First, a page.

You would roll the machine off the back porch into the kitchen, hook it up to the sink and begin your wash. I remember my grandmother's hands reaching into the hot scalding water she heated on the combination coal/gas stove . There was no hot water heater in the house or a bathroom. It was cold water in the kitchen sink. That was all.Her hands were reddened with the scalding water and shiny. Veins were dilated and she would reach down into the basin and pull up laundry to be fed into the wringer. The drain went into the sink and cold water for rinsing hooked up to the faucet. It seems that most women had some story or other of a trip to the doctors for crushing injuries and lacerations of fingers that were accidentally pulled through a powerful wringer requiring stitches and throbbing pain afterward.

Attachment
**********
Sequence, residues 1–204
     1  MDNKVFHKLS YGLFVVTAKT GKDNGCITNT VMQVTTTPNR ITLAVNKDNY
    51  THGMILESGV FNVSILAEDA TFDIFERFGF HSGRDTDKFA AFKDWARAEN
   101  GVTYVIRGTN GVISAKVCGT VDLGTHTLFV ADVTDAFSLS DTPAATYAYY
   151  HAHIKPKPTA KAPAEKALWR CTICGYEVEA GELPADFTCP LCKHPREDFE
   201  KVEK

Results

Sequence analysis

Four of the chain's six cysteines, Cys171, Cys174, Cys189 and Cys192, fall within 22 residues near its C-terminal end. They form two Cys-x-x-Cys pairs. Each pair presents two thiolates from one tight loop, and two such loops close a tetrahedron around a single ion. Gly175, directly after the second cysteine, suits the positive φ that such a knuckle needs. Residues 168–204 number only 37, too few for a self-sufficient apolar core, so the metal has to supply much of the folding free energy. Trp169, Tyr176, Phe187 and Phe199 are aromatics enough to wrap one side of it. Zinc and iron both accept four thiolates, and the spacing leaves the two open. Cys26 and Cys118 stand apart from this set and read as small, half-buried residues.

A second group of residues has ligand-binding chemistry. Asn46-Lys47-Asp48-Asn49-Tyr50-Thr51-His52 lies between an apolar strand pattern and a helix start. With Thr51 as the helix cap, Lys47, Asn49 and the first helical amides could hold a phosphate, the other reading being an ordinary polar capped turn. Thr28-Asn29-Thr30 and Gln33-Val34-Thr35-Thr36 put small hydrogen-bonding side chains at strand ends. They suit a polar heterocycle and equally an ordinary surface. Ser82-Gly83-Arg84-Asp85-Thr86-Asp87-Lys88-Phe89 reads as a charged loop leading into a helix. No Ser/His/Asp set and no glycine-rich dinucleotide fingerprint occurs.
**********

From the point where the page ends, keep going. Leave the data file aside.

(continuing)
My grandmother was widowed when my mother was 17 yrs old.She used this larger machine while her home was still active with family members, but as the house emptied of family she began to use the smaller model.
Easy to store and used for smaller loads.Then out to the backyard clotheslines held up by white birch tree supports.Neat memories!